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Hillbillies Became “Mountain Williams” But Never Citybillies”

Submitted byadmin onSun, 01/27/2019 - 12:10

One of my favorite writers of yesteryear is Hal Boyle (1911-1974), a colorful and witty AP award-winning journalist who frequently wrote about Appalachia. Typical of the writer’s work is a 1955 article commenting about how modern factories were affecting the lifestyle of residents of the Great Smoky Mountains.

George Buda, Self-Proclaimed Lover of Johnson City, Shares His Favorite Memories

Submitted byadmin onSun, 01/27/2019 - 12:10

“I am in love with Johnson City,” proclaimed George Buda during an interview at his and Wanda’s “tree streets” neighborhood home. For the next two hours, George tirelessly unleashed a barrage of favorite memories beginning with his family. John and Ethel Buda, George’s parents, came to America from Albania prior to 1920 before migrating to Johnson City that year.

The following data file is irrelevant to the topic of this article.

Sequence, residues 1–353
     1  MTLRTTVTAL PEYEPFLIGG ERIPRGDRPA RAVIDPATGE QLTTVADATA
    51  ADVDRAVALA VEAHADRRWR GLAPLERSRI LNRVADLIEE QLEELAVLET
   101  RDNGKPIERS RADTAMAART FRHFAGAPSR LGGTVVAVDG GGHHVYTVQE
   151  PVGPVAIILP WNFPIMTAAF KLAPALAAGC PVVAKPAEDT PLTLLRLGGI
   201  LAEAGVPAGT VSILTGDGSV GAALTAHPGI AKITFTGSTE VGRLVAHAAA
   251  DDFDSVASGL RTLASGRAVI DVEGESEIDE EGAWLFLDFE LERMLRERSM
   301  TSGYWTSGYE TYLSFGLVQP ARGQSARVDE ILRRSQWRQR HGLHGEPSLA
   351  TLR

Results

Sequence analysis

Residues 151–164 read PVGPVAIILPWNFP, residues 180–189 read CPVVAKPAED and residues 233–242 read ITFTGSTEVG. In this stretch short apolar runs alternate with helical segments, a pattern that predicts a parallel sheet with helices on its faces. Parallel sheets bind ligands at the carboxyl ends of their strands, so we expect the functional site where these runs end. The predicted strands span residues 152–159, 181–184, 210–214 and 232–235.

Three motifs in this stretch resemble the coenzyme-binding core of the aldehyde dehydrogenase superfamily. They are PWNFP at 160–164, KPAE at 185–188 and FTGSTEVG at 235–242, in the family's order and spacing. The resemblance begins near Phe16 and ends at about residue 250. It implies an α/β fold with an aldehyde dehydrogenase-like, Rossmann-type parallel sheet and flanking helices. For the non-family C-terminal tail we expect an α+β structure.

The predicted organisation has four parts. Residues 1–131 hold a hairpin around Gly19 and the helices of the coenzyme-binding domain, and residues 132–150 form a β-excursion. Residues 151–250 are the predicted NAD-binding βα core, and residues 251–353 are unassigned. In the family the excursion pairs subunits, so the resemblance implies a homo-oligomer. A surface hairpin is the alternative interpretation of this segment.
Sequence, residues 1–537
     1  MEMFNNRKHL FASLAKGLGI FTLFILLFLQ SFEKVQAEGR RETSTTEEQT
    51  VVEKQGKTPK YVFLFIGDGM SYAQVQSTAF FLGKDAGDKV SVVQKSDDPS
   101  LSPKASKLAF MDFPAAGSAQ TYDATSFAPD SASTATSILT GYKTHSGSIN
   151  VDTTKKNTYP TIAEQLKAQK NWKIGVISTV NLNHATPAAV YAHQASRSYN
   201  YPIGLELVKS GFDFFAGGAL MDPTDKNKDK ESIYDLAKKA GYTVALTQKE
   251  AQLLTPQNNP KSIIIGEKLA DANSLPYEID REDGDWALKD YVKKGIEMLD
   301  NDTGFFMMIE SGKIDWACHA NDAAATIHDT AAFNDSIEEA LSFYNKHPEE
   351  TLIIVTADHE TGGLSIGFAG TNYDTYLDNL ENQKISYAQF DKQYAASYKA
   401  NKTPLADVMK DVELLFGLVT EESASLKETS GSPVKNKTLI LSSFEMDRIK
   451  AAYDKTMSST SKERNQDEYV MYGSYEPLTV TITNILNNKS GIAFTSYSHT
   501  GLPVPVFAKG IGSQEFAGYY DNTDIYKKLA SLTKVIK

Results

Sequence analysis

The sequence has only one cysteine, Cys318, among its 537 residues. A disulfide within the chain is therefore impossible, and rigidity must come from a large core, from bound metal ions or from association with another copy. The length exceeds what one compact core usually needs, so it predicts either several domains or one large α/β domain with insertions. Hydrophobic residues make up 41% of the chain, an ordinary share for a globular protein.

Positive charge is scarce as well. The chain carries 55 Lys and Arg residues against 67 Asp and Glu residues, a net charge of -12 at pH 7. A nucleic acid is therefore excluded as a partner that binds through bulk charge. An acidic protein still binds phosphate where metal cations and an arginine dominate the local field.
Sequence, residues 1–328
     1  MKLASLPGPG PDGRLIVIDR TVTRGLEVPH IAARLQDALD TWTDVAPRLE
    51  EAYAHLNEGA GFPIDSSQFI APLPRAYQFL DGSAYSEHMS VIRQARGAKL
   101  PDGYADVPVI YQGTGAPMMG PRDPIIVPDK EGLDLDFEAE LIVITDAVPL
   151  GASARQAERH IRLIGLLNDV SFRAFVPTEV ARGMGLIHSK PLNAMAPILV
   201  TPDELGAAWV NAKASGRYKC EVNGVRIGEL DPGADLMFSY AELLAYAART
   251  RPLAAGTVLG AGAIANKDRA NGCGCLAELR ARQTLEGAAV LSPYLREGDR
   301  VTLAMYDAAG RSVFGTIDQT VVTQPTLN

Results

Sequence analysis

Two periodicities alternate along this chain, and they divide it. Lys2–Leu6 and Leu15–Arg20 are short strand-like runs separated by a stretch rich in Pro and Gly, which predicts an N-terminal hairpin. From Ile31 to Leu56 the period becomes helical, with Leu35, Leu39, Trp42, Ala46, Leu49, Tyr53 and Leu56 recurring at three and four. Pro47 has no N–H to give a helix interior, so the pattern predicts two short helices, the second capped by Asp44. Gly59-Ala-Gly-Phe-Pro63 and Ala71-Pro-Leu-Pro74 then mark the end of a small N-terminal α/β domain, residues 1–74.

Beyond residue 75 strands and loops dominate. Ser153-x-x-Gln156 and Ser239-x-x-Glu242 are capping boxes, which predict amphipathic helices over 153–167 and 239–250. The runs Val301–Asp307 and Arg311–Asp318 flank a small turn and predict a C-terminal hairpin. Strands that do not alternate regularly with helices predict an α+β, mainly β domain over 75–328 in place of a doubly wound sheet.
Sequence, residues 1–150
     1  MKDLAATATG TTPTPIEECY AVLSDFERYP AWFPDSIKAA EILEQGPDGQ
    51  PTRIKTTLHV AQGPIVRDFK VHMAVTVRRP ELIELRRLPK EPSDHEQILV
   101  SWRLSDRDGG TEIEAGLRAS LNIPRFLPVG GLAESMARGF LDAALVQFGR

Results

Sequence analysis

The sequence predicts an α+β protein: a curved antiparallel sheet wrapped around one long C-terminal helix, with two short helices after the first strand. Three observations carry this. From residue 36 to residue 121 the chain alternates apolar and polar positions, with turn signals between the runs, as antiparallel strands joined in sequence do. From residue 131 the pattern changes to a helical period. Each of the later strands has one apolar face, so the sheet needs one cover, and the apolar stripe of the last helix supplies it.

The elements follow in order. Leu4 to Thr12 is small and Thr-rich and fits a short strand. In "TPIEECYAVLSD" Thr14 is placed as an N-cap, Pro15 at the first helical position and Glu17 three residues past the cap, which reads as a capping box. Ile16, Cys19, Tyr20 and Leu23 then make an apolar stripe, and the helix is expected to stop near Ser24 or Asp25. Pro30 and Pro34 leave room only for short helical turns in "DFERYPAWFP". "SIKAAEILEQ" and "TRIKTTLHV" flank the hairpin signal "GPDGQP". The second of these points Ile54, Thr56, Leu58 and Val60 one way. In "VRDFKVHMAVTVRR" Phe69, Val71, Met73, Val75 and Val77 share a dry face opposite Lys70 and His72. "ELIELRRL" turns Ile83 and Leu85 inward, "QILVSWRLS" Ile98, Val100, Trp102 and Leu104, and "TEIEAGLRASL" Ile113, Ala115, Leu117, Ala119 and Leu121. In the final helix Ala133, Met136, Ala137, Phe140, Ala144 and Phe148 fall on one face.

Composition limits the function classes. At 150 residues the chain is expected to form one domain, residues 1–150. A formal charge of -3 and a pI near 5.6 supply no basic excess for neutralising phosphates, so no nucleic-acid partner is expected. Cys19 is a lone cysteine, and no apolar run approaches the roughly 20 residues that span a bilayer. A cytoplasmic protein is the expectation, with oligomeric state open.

American Legion Celebrated Birthday Party in 1934

Submitted byadmin onSun, 01/27/2019 - 12:10

March 15, 1934 marked a special event for the Kings Mountain Post of the American Legion; it celebrated 15 years of service. Congress chartered the association in 1919 as a patriotic, mutual-help, and wartime veterans’ organization. While my source did not reveal the location of the Legion in that year, it later resided at 503 E. Main Street adjacent to the Central Fire Station.

Johnson City's 1928 “General Plan” Map Offers Interesting Reading

Submitted byadmin onSun, 01/27/2019 - 12:10

 

A large 1928 map identified as “Johnson City General Plan” reveals a wealth of information, some of it surprising. The legend identifies symbols for proposed and actual streets, parks and parkways, schools, semi-public properties, public properties, cemeteries, railroad property, industrial property and business property. John Nolan was listed as the city planner.